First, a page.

On Feb. 1, Siegel made a quick trip to Indiana, where his daughter Sarah is in college. When he was ready to leave, he decided to make a detour into Iowa because it’s way closer to Indiana than South Carolina, and it was caucus time. When he got there, he found himself presiding over two delegations in Clinton County. He was not impressed.

He also visited Davenport, where Biden, Elizabeth Warren and Andrew Yang all had campaign offices in the same building. Everybody got excited when the Yang Gang came through, and when Yang himself appeared in the midst of his followers, Siegel was puzzled by his attire.

“He was wearing this weird capey thing and all these Biden people came out to take his picture. There were Yang people running around, and all this energy building. I’d seen a lot of Yang signs in people’s yards, and I thought he was going to be the big surprise coming out of Iowa. That was before I went to this house with a Yang sign. The front door was open and a woman was standing in it. She told me, ‘I don’t know who put that sign there.’”

Siegel felt uneasy coming out of Iowa. “I told the folks at home, ‘I hope I’m wrong, but I’m not getting a good feeling about this … I kept hearing, ‘I like Joe Biden,’ but a lot of people were just really undecided.”

Things were different in South Carolina, where he discovered events like The Galivants Ferry Stump Speaking on the banks of the Pee Dee River. He also found lots of love for Biden there. His major concern – Trump supporters obeying his call to cross over into the Democratic primary to vote for “Crazy Bernie” – didn’t amount to much. Biden rode a ringing endorsement from U.S. Rep. James Clyburn and crushed the primary opposition. Pete Buttigieg and Amy Klobuchar ended their campaigns and threw their support behind Biden ahead of the March 3 Super Tuesday.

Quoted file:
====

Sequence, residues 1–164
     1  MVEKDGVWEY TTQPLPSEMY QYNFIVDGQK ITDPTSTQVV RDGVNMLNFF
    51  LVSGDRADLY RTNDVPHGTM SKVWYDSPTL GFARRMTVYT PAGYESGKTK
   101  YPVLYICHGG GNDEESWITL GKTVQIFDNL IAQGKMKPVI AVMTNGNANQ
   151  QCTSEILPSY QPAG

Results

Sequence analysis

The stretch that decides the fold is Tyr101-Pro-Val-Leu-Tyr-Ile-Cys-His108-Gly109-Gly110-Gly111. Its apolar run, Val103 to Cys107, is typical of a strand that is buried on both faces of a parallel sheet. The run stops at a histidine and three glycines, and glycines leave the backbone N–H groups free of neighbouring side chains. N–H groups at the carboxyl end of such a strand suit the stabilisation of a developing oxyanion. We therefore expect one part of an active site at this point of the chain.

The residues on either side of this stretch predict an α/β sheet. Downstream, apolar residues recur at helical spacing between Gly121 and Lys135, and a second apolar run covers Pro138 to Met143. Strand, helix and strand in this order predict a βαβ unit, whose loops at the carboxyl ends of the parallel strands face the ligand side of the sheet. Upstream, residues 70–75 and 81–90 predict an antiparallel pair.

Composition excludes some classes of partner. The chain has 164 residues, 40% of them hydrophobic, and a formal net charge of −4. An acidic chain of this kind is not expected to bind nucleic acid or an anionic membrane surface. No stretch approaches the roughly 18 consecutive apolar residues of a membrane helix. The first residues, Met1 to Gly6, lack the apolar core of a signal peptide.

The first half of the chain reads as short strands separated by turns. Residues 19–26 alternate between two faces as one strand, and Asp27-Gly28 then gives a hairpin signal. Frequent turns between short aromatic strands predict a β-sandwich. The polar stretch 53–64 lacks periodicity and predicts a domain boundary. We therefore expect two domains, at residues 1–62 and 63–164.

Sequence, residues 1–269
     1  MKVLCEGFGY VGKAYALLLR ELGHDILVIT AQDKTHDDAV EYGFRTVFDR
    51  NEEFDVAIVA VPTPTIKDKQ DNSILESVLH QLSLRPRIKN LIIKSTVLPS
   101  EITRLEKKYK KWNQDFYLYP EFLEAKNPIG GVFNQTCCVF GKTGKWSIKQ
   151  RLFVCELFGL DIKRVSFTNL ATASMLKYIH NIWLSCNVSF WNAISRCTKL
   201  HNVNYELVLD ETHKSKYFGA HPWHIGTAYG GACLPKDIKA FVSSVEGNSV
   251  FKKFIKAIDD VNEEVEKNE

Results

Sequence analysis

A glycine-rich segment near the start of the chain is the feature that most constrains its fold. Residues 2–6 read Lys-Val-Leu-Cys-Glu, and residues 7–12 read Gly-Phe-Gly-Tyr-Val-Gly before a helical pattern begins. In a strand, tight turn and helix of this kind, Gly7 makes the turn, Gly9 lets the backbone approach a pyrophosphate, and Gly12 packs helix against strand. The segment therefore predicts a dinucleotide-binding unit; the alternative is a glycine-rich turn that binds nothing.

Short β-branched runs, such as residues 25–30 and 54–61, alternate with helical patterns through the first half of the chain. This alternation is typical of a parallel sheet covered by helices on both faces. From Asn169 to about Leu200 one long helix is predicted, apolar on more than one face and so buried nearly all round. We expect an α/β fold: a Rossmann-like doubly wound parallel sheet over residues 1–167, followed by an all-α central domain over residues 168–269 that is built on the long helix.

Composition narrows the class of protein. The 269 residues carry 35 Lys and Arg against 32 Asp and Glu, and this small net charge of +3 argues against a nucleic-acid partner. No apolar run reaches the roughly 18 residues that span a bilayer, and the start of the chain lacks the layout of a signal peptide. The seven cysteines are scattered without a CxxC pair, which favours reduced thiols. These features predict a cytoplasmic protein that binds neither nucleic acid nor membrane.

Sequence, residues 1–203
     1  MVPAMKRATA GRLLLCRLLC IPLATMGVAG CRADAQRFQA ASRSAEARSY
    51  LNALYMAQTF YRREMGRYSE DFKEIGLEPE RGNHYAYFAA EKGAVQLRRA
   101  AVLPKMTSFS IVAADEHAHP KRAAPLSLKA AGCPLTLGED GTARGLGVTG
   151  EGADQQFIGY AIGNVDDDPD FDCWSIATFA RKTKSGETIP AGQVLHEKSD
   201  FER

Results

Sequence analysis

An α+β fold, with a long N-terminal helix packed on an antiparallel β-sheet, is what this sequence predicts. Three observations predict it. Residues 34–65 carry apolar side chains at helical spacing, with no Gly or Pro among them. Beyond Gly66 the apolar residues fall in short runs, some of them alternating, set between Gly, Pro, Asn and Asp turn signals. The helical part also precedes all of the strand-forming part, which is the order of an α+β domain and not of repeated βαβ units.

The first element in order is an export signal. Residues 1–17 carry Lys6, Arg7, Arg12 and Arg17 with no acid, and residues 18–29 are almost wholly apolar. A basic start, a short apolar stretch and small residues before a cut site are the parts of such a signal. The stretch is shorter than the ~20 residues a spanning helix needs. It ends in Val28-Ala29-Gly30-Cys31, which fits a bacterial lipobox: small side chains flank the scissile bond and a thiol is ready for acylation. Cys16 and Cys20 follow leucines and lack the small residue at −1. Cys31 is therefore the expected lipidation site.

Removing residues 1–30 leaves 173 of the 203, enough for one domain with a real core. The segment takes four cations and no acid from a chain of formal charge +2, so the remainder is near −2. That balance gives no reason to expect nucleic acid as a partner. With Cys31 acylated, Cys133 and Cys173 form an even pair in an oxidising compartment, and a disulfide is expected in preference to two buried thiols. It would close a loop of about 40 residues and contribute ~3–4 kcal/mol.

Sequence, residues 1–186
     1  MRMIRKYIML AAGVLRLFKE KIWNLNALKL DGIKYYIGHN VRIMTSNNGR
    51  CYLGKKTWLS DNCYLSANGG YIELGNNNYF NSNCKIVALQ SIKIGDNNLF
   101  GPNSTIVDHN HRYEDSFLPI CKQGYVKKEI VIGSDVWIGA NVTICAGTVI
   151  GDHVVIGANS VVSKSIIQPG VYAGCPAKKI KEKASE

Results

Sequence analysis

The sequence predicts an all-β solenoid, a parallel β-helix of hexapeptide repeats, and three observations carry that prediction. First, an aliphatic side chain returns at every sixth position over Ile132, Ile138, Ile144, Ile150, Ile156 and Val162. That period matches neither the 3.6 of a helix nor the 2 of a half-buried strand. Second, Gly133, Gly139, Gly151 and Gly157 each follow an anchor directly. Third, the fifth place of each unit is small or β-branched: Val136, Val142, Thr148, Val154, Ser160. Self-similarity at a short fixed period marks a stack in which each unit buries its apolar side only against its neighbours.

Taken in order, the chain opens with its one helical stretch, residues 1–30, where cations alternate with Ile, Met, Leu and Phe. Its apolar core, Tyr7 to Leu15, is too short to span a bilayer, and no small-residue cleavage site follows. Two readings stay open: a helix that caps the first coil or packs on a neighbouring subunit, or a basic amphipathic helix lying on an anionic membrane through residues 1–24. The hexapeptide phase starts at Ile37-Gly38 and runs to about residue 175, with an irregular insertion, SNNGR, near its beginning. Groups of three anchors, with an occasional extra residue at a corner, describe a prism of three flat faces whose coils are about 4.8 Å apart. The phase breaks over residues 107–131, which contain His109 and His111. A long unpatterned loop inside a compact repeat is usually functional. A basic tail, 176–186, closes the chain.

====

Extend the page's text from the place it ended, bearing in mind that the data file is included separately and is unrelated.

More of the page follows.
Biden crushed Super Tuesday and followed that with solid victories in most of this week’s round of primary states, taking a solid delegate lead and setting up a head-to-head match against Sanders.

Siegel is temporarily sidelined with some health concerns but remains engaged in the Biden campaign and plans to campaign in North Carolina, the closest swing state. He’s liking his candidate’s chances, and he carries a memory of a hot July day in Charleston.

“I’m working the door in a union hall, and one of the advance people comes out, points to a guy with a video camera and asked me to help him get to where he needed to go. Then a white SUV pulls up, and Joe Biden gets out.

“I’m standing there in my Biden T-shirt and I’m the first person he sees. He comes bounding up to me, grabs my hand and says, ‘Thank you, thank you, thank you.’ I say, ‘No, thank YOU.’ We go into a room filled with exercise equipment, he goes over to this machine and starts pulling on the bar and says, ‘Hey, there’s not enough weight on here.’

“Somebody asked him what he was doing, and he said, ‘I’m just getting warmed up.’”

Betty Bean is a veteran reporter for Knox and Sevier counties.